Monday, May 4, 2015

Minneapolis Police Expenditures

The 2015 annual budget for the Minneapolis Police Department (MPD) is over $153 million, which is approximately 10.75 percent of the entire city budget. The MPD budget has increased by $20 million in the last five years, although the city budget has also grown as a whole. About $148 million of the budget is provided through the city’s general fund, equal to 32 percent of all general fund expenditures. Almost 76 percent of the budget is used towards salaries, wages, and fringe benefits. Overall MPD staffing has increased each of the past four years, from 967.80 FTE employees in 2012 to an approved 1,020.50 FTE employees in 2015. The number of sworn officers will increase in 2015, from the present 860 FTEs to 874 FTEs by year’s end.

Three cities were selected as peer comparisons based solely on population. One should understand that each city has its own unique conditions, such as crime rates, types of crime, services offered, and local political environment, which makes any comparison difficult.

  • Oakland. The 2015 budget allocation for the police department is about $194 million, which is almost 18 percent of the total city budget and 42 percent of the general fund. Oakland has made large budget cuts over the past decade in an attempt to address severe budgetary shortfalls, reducing the number of sworn police staff from 837 to 611 officers and cutting compensation for all city employees by 9 percent.
  • Miami. About $182 million has been allocated to the police department for the 2015 fiscal year. This is a 55 percent increase in expenditures from 2012 levels, and accounts for 33 percent of general fund spending. A total of 1,639 FTE positions are funded, including 1,259 sworn officers - an addition of 80 officers since 2014.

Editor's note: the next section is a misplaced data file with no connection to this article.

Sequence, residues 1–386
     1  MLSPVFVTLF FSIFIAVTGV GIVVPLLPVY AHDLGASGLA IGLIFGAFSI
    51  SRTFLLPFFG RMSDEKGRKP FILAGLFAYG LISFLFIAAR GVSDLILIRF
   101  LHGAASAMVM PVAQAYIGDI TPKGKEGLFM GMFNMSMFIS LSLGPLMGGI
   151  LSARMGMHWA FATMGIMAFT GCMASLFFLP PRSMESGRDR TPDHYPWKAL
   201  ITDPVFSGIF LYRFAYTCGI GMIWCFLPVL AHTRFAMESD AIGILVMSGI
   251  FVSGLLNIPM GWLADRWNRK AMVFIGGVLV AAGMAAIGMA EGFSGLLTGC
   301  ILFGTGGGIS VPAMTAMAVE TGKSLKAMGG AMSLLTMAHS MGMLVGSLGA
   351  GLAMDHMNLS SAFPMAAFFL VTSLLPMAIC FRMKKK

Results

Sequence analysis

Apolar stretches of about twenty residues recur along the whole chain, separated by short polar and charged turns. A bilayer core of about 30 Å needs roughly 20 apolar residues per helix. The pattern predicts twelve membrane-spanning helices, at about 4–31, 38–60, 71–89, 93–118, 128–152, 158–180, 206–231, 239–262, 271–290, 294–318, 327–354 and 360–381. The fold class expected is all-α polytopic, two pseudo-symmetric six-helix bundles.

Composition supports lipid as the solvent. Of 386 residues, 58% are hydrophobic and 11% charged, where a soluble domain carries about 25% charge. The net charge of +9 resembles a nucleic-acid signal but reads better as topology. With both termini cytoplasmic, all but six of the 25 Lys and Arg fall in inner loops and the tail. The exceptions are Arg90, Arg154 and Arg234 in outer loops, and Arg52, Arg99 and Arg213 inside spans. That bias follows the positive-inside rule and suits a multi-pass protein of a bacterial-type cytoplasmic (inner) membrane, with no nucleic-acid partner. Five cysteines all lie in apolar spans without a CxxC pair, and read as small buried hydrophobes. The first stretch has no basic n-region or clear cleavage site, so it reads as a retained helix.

• Tulsa. The Tulsa Police Department stands out from the other three cities in that its police department allocation is significantly less, with a 2015 budget allocation of only $95.5 million, but still about 34 percent of general fund expenditures and 15 percent of the total city budget. Interestingly, the City of Tulsa relies heavily on sales taxes rather than property taxes, with 65 percent of its revenue coming from sales and use taxes.

Funding for policing comes primarily from the City of Minneapolis, although MPD does receive revenue from the state government ($7.4 million) and the federal government ($2 million), often times in the form of matching grants. With public safety receiving such a large portion of general fund expenditures, it is not surprising that budget debates between the Mayor’s Office and the police union have been quite heated in recent years, perhaps reaching a new level of notoriety with the 2014 “Pointergate” scandal that drew national news attention.

The policing profession has been under the microscope this past year as a result of numerous incidents of police violence. With this national attention, calls for police reform have grown louder. Possible reform ideas include using independent investigators and prosecutors for police misconduct cases, requiring police officers to wear body cameras, and reconsidering penalties for drug offenses. In order to best meet the evaluative criteria of equity, efficiency, and adequacy, open dialogue and discussions are needed to determine not just how many officers are necessary, but how to ensure that officers are of the highest standard and are providing residents with the best value for their tax dollar.

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